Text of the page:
London: Do not fret over untidy and unmade bed as it may be good for your health. A latest research suggests that failing to make your bed in the morning may actually keep you healthy.
The research, reported by the BBC, suggests that while an unmade bed may look uninviting it is also unappealing to house dust mites, which cause asthma and other allergies. Surprisingly, the bugs cannot survive in the warm, dry conditions found in an unmade bed.
It is reported that the average bed in a household could have up to 1.5 million house dust mites.
Researcher Dr Stephen Pretlove of Kingston University said: "We know that mites can only survive by taking in water from the atmosphere using small glands on the outside of their body.
"Something as simple as leaving a bed unmade during the day can remove moisture from the sheets and mattress so the mites will dehydrate and eventually die."
Interestingly, in the next stage of their research, mite pockets into beds will be put in 36 houses in Britain to test their computer model. The experiment will study as to how people`s routines affect mite populations.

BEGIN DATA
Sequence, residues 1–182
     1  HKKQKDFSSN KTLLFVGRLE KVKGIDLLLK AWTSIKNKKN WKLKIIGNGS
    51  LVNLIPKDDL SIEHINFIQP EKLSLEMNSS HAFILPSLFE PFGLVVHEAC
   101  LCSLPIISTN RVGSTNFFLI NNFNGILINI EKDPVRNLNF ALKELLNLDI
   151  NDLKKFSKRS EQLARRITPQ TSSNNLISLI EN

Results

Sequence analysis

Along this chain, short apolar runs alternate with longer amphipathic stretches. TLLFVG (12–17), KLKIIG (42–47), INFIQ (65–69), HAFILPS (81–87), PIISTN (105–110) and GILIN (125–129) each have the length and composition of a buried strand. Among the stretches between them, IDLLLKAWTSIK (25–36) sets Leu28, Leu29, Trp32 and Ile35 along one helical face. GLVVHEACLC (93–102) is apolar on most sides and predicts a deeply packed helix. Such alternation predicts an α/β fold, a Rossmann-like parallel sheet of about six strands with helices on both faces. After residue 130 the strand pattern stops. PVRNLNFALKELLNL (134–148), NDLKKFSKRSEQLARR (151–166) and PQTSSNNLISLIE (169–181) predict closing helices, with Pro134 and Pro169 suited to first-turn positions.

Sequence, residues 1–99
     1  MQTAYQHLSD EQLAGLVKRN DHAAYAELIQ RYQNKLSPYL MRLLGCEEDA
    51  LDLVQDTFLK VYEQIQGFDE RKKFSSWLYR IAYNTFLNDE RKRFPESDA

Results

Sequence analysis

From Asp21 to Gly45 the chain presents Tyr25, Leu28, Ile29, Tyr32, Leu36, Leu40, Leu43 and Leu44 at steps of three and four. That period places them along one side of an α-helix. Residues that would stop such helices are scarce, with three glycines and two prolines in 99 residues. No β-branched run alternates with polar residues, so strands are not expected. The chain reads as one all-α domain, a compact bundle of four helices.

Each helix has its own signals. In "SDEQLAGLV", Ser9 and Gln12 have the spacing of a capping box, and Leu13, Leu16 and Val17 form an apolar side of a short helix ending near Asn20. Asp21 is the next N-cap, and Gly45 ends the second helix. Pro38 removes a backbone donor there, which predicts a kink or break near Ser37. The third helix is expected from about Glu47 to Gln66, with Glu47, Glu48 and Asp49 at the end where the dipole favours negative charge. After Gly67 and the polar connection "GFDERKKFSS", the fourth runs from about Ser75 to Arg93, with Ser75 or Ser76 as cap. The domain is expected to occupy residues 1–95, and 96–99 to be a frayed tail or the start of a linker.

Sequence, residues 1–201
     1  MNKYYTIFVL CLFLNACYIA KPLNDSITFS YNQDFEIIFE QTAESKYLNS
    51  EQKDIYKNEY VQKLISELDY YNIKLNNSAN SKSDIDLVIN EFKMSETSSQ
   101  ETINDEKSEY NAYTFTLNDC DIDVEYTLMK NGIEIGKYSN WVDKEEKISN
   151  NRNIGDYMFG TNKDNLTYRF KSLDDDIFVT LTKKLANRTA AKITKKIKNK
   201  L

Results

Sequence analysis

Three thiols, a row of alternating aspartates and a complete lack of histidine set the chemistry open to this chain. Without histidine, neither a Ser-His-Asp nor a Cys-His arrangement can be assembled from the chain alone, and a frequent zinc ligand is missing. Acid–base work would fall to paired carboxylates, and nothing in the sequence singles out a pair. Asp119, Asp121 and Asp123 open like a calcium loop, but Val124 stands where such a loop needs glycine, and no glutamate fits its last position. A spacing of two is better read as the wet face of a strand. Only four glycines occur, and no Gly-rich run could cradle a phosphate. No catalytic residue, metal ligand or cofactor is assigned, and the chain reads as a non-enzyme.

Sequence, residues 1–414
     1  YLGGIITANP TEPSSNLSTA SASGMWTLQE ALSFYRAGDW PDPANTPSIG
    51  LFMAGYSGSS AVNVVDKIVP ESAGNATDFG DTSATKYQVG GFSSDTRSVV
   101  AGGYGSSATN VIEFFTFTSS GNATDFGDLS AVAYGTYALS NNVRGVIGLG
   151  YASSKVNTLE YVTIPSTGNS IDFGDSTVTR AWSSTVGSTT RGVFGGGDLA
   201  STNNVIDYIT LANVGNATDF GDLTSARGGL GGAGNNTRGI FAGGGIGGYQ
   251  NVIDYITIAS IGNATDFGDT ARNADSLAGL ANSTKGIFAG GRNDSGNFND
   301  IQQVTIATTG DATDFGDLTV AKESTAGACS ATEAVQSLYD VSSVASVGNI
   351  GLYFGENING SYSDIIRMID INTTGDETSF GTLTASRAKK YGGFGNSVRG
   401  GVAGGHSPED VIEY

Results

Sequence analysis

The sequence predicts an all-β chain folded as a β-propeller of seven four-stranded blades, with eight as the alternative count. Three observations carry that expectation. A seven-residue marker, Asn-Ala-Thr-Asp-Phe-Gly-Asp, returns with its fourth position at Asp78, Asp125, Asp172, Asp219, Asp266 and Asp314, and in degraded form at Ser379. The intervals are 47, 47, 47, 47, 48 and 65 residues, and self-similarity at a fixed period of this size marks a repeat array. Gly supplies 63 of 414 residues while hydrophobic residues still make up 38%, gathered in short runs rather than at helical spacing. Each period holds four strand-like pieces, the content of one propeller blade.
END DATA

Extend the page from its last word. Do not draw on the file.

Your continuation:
Dr Pretlove further further added, “Our findings could help building designers create healthy homes and healthcare workers point out environments most at risk from mites."
Dr Matt Hallsworth, of the charity Asthma UK, said: `House-dust mite allergen can be an important trigger for many people with asthma, but is notoriously difficult to avoid."
Professor Andrew Wardlaw, of the British Society for Allergy and Clinical Immunology, said: "Mites are very important in asthma and allergy and it would be good if ways were found to modifiy the home so that mite concentrations were reduced.
"It is true that mites need humid conditions to thrive and cannot survive in very dry (desert like) conditions.
"However, most homes in the UK are sufficiently humid for the mites to do well and I find it hard to believe that simply not making your bed would have any impact on the overall humidity."